March 7, 2007

BBC Story about Palimpsest up...

One of my favorite projects at google is one that we don't talk much about, but I think is pretty important. Darren Waters from the BBC came by and I'm guessing he liked the project as much as I do :-)

7 comments:

Andrew Hitchcock said...

Interesting. Last quarter when I was sick, I went through and watched a bunch of the engEDU videos. The Palimpsest video was really fascinated (I watched it after just seeing the Dead Sea Scrolls, so I was getting my fix of ancient writings), but I never heard any follow up about Google's involvement.

Anonymous said...

I read with interest the story about Google using its techie mojo to help make this planet just a little better - it rang in the same vein as something nice coming out of NASA from the Apollo project - velcro or something equally cool and useful. Kudos to Google for making it possible and to you for being the human bean that plugs the ends together.

It made me wonder if Google might have some insight into a problem we are working with at the American Disability Association, where we are trying to identify different nations mean and average longevity (quality of life) for people with disabilities, specifically to pick programs that work better than the American (US) disability policy.

As for your posts about the love of our gadgets, what can I say. I've still not fully recovered because Clairol has discontinued my favorite Herbal Essences shampoo and replaced it with something that smells completely different. We get used to things, and then they change. Life is funny that way!

Georg said...

I find it interesting that the article claims that

"The networks aren't basically big enough and you don't want to ship the data in this manner, you want to ship it fast.

(I hope this was paraphrased, and not what was actually said)

"You want to ship it sometimes on a hard drive. What if you have these huge data sets - 120 terabytes - how do you get them from point A to point B for these scientists?"

I am involved with the data management for a large Particle Physics experiment, we're going to be creating ~5PB of data a year which is shipped to multiple sites world-wide. All over networks, no driving of hard disks.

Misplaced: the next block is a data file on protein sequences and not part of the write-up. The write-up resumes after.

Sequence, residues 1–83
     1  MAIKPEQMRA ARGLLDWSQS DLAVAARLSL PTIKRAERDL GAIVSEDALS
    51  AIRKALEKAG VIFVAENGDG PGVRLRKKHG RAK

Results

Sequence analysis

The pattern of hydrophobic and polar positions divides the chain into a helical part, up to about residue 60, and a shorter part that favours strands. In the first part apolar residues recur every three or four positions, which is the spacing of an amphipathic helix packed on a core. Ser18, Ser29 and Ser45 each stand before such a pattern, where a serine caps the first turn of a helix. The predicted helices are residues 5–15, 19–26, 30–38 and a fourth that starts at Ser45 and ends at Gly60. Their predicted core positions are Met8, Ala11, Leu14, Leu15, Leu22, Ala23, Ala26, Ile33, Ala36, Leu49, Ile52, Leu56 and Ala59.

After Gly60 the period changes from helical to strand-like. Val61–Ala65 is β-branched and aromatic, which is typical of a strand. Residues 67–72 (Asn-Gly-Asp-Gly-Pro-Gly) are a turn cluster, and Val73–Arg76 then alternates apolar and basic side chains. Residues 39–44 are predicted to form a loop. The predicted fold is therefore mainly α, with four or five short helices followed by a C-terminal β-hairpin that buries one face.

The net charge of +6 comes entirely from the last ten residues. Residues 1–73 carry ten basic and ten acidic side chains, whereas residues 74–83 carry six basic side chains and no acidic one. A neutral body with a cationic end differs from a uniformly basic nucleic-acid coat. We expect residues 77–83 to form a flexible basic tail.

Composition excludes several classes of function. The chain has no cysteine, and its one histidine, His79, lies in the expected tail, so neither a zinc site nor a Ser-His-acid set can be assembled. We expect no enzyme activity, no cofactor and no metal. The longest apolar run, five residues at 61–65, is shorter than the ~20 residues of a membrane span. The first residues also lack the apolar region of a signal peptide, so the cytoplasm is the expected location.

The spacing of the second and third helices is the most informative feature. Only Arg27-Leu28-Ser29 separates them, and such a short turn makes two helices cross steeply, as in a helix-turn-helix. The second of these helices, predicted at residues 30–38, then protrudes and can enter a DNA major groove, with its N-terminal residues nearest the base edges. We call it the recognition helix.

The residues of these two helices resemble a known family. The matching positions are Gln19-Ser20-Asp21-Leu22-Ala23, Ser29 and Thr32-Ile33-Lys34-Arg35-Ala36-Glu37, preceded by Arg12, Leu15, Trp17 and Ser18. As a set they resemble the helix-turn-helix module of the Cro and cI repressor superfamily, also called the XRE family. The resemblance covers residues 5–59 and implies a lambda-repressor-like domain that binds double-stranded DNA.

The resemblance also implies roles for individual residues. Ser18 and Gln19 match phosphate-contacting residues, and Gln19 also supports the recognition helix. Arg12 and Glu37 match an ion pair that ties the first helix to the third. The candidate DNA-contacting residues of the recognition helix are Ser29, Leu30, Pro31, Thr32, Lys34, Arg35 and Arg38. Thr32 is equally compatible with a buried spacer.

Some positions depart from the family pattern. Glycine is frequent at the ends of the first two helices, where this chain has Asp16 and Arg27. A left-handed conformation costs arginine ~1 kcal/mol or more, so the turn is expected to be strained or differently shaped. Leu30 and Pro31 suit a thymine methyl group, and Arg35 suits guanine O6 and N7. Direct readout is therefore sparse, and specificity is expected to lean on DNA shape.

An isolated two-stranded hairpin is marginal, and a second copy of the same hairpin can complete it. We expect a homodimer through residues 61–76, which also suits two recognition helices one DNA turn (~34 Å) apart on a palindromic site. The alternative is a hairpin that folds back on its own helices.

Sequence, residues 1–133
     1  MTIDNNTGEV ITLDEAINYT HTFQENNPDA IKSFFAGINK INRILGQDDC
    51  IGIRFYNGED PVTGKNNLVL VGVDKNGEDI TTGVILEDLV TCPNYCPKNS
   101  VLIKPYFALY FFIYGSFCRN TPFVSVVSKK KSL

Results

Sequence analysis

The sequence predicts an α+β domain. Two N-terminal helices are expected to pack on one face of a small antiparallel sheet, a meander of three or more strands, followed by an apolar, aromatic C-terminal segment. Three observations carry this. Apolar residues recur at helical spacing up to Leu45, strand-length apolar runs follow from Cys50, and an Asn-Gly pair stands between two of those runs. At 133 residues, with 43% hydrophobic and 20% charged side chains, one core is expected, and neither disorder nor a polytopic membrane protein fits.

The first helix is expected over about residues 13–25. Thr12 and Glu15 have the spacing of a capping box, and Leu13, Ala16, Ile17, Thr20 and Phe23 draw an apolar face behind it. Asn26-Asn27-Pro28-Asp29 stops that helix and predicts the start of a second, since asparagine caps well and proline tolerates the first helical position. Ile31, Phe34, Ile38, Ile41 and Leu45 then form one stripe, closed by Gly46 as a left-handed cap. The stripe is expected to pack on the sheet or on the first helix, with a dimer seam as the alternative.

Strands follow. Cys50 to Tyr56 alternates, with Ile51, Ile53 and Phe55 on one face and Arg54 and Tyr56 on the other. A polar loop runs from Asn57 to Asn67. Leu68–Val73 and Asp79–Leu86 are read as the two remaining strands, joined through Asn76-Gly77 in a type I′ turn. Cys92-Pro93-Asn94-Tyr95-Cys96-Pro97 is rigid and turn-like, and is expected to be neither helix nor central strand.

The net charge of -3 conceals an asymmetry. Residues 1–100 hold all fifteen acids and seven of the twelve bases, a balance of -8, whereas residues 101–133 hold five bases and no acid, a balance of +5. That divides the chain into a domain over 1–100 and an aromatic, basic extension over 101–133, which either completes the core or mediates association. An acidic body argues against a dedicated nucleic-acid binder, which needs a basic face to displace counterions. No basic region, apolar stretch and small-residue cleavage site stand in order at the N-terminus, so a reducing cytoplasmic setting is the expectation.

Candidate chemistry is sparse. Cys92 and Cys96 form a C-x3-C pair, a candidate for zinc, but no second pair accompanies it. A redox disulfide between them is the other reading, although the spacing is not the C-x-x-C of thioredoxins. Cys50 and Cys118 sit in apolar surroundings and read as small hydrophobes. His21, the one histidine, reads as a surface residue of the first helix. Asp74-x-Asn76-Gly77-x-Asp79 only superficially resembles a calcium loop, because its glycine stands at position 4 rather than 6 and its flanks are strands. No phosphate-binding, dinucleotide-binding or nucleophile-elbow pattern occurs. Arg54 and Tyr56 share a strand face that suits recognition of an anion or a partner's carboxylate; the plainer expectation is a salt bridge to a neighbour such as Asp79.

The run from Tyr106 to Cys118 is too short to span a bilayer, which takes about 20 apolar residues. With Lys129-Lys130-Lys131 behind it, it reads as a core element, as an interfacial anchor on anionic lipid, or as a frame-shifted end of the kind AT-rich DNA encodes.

I can (and do) happily pull in to my local site, minutes after giving the request, files of ~TB size.'

The networks' can cope, you just need the right networks and the right tools!

Chris DiBona said...

You shouldn't confuse your fantastic resources with that of the average site. You do have cool resources, for sure :-)

Georg said...

That is very true, our resources aren't exactly comparable to those available to most. What this points to, though, is the opening of these tools and systems to all - look what happened when the World Wide Web (the direct result of Particle Physics too, I should add!) took off...

Of course these systems require money ( = hardware, = time), but that's one for the research councils.

lloyd said...

I have an SBIR proposal under review at DOE for a similar concept, which I called the "data suitcase". I'd like to talk with you in more detail. Lloyd at blueskyelectronics dot com.

Chris said...

I think the palimpset project is interesting but I hope you don't mind if we try to make it redundant. Right now we deploy anywhere from 1GB to multiple lambdas to research sites through the national lambda rail. Using things like multihost to multihost 3rd party transfer tools - like gridftp we should be able to move 120TB in around 2 days. http://www.nlr.net/ Being that these resources are available to hundreds of participant institutions these resources may be fantastic but hardly rare.

While some people might consider this to be extreme technology I expect it to be the standard inside of a few years. What is interesting is that for the most part the networks aren't the bottleneck. The operating systems, file systems, and transfer tools are. Fortunately, with the growth of easy to assemble RAIDs that really are inexpensive, autotuning TCP stacks (linux 2.6 and Vista), and better tuned applications (GridFTP and HPN-SSH (my personal project)) we're making multi-terabyte transfers an everyday occurance.